Autoimmune Encephalopathy

Eoin P. Flanagan, M.B.B.Ch.; Richard J. Caselli, M.D.


Semin Neurol. 2011;31(2):144-157. 

In This Article

Paraneoplastic Autoimmune Encephalopathy

In the last 5 years, there have been great advances in our understanding of paraneoplastic limbic encephalitis. Numerous novel neural-specific autoantibodies with strong association of malignancy have been discovered, including autoantibodies to the (NMDA) receptor,[14] amino-3-hydroxy-5-methyl-4-isoxazolepropionic acid receptor (AMPA) receptor,[21] gamma-aminobutyric acid B (GABA-B) receptor,[22] and Caspr2 antibodies.[6] A list of neural-specific autoantibodies and their cancer associations is outlined in Table 4.

Paraneoplastic encephalopathies frequently have a poor outcome. Long-term survival often depends on the ability to remove the provocative tumor,[14] but early aggressive immunotherapy may also improve outcomes.[23] Therefore, patients with NMDA receptor autoantibodies associated with ovarian teratomas[14] that can be completely removed have a better prognosis overall than those with GABA-B autoantibodies[22] associated with small cell carcinoma, which usually cannot be completely resected.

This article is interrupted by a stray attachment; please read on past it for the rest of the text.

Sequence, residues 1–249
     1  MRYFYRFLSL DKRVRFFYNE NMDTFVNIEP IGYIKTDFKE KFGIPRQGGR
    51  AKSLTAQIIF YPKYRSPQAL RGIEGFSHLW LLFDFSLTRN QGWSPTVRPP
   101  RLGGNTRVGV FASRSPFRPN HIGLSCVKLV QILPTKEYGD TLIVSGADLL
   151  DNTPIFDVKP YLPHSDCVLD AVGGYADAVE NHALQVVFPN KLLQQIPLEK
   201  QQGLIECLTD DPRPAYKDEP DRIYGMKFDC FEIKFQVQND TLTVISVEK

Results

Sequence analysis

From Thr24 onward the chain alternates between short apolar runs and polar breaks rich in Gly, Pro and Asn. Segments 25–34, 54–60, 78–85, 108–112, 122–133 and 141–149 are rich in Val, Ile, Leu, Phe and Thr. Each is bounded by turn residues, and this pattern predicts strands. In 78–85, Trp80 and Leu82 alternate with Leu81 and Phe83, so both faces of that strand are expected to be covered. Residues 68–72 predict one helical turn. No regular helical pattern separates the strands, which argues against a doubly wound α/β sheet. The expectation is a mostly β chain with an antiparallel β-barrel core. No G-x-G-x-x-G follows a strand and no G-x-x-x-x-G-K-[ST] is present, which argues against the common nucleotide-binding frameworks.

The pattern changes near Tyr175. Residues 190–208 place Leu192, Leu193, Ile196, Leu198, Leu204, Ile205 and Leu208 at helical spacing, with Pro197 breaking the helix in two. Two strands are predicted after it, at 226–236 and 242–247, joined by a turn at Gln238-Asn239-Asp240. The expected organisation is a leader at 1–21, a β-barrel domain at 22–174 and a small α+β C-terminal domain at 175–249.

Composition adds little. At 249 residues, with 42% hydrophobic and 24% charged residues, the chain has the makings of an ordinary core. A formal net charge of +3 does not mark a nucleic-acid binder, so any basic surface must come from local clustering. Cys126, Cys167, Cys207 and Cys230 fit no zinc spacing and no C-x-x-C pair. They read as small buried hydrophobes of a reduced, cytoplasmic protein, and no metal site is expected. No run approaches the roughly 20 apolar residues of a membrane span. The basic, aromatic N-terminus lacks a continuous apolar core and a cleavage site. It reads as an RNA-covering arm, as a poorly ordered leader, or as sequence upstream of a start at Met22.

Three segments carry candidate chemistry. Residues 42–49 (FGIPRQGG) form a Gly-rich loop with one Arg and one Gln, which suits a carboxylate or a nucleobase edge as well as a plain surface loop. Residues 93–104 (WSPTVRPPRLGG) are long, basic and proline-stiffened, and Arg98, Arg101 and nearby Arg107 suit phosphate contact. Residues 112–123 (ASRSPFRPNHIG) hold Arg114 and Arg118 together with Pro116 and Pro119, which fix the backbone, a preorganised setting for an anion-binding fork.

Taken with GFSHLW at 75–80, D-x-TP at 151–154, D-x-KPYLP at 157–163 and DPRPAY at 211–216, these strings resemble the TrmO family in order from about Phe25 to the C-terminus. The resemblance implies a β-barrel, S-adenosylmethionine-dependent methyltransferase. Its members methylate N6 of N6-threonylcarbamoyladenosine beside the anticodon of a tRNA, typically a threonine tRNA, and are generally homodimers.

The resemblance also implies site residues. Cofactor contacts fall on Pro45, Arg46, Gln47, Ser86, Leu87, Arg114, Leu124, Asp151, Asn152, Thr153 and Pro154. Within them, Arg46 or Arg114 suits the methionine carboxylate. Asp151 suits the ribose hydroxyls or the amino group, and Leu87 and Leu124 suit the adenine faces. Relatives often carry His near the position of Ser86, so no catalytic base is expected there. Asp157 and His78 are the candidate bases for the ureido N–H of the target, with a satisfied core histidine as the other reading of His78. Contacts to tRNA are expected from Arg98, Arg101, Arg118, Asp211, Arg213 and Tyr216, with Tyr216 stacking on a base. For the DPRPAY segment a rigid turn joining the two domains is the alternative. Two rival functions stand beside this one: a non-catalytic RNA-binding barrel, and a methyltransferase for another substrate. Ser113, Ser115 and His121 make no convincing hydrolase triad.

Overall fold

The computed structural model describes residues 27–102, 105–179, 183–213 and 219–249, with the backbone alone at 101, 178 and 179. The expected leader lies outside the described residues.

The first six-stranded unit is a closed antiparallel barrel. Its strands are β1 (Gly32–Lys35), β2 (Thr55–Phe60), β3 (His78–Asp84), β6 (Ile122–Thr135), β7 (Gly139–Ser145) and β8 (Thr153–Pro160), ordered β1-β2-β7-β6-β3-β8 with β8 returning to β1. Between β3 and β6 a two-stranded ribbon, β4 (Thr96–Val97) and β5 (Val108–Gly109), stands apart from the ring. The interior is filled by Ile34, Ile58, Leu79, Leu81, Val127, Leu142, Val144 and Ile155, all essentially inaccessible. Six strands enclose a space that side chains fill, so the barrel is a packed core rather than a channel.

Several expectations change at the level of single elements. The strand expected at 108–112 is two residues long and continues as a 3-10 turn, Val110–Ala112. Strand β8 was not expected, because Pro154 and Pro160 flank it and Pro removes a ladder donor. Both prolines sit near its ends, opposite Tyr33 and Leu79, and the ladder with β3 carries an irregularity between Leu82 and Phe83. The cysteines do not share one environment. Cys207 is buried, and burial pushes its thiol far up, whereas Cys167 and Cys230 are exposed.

For a more detailed discussion on paraneoplastic autoantibodies, please refer to the paraneoplastic syndrome review article by Pruitt in this issue (Semin Neurol 2011;31:159–169).


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